"I had heard about this whale, but we had never been able to find it," said Holly Fearnbach, one of the researchers. Reportedly, the NOAA boat tagged along with the pod of 12 whales for around 30 minutes as everyone aboard snapped photos.

And as a side note, for a list of memorable Melville quotes, click here. The site contains one of my favorites from the opening chapter of Moby Dick that anyone stuck with a case of cabin fever this winter and an urge to go boating can commiserate with; it is a little dark and melodramatic, but humorous as well:

“Whenever I find myself growing grim about the mouth; whenever it is a damp, drizzly November in my soul; whenever I find myself involuntarily pausing before coffin warehouses, and bringing up the rear of every funeral I meet; and especially whenever my hypos get such an upper hand of me, that it requires a strong moral principle to prevent me from deliberately stepping into the street, and methodically knocking people's hats off—then, I account it high time to get to sea as soon as I can.”

Thursday, March 6, 2008

Fit for a Prince

In what the spokesman of Clarence House is calling an attempt to cut carbon emissions, Prince Charles and Camilla, the Duchess of Cornwall, have opted to travel around on their junket to the Caribbean aboard a yacht instead of by plane the Associated Press reported today. Although the spokesman said the trip aboard the yacht would “advance...environmental protection,” we all know that it’s simply the best way to island hop.

The couple’s tour includes Trinidad and Tobago, St. Lucia, the active volcano of Montserrat, and Jamaica. They’ll be taken to the places aboard Leander, the 245-footer owned by British businessman Donald Gosling and built by Germany’s Peenewerft Shipyard.

Leander was ranked #42 in our 2007 edition of PMY’s World’s 100 Largest Yachts. The charter price for the Prince and Duchess was undisclosed, but according to our guide to PMY's World’s Most Expensive Charter Yachts, Leander is tied for 8th place at $566,463 a week. For an interactive map of the deck plans of Leander, click here.

Wednesday, March 5, 2008

Shark Attack!

Well, sort of. At last month's Miami International Boat Show, Power & Motoryacht held its annual party to thank the marine industry for supporting us for more than 20 years. As is our usual approach, it was a costume party. This year's theme: the movies. As a result, people came dressed as their favorite film characters, ranging from Batman and Robin to Scarlett O'Hara and even the shark from Jaws.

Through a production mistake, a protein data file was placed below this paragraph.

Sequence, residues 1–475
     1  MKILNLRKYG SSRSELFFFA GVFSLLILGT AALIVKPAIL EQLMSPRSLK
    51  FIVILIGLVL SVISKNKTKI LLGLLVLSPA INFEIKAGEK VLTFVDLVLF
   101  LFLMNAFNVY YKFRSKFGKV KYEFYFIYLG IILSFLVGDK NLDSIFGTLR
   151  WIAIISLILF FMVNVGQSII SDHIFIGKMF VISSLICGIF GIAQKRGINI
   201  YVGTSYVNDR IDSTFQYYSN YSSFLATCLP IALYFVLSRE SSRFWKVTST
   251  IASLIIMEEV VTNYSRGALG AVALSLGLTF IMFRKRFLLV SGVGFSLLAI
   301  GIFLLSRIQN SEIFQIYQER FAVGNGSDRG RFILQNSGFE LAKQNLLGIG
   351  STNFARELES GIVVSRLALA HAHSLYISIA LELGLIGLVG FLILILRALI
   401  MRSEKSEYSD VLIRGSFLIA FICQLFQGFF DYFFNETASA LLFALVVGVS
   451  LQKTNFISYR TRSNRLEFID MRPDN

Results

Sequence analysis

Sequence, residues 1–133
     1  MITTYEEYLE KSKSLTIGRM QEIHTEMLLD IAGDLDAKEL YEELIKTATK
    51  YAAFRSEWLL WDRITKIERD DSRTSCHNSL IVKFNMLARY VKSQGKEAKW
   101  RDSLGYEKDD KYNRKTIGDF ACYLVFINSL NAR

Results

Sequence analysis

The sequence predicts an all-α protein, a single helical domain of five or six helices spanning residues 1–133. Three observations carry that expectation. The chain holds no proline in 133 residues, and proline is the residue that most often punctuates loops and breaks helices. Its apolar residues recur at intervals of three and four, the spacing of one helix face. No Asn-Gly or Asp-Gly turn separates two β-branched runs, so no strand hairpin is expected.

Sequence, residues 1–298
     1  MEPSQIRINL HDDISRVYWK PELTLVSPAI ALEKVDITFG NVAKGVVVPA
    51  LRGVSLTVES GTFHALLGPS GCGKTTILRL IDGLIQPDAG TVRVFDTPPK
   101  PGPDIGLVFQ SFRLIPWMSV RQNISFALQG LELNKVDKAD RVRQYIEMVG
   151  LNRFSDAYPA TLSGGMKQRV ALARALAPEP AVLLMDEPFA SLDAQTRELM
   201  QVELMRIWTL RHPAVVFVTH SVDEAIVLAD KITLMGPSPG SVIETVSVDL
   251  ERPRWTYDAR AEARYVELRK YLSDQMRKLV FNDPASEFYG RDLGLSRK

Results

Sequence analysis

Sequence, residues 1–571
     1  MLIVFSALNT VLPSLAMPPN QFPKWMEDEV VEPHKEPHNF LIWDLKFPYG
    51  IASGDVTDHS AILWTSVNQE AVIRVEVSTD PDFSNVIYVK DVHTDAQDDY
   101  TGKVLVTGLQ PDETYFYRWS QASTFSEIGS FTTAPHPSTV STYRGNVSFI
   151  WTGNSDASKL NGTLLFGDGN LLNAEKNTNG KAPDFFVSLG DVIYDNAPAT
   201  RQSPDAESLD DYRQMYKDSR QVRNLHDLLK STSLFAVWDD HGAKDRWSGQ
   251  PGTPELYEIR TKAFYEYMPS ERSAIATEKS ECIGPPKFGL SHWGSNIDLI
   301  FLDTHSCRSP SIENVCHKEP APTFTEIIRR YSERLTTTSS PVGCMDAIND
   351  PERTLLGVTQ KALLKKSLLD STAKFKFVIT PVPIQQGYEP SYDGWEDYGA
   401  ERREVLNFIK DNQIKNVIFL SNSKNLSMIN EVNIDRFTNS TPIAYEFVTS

In fact, that shark (a.k.a. our very own Capt. Richard Thiel) was interviewed on Miami's Plum TV. Check out the video here.

Tuesday, March 4, 2008

Women's Boating, Part Deux

In July, I was lucky to attend an afternoon-long, Women on Water class hosted by MarineMax. Well, my good fortune has continued: last Monday I traveled to Sarasota, Florida to spend a week attending powerboat handling classes through SeaSense, the women's sailing and powerboating school.

Mine was a five day long beginner/intermediate powerboat handling course that was held on a 42-food Grand Banks called Paper Moon(see photo above). In addition to our fantastic instructor, Captain Patty, I had two other classmates. One was studying for her captain's license and the other was eagerly readying herself to spend several months cruising in the Bahamas with her fiance. The fact that we were a small group meant there was a significant amount of individualized attention, which was certainly a good thing: We were fed a lot of information in just a few short days.

Lessons covered everything from basic line handling to understanding tide charts. Captain Patty talked us through engine troubleshooting, led us through man overboard drills, taught us proper radio etiquette, and we practiced (and practiced) chart plotting. Of course we also dedicated much of our time to docking, both at fuel docks and backing into slips.

Though less-than-ideal conditions kept us off the water at times, we each got significant hands-on experience. What I found most surprising was that for someone with relatively little experience, I really wasn't nervous about the prospect of trying my hand at docking a 40-foot boat. It wasn't arrogance. It was a testament to the fact that my fellow SeaSensers, led by Captain Patty, were kind, enthusiastic, and above all, very supportive. I don't know if that's the nature of all boating classes or my course in particular. But I do know that the class left me feeling very fortunate indeed.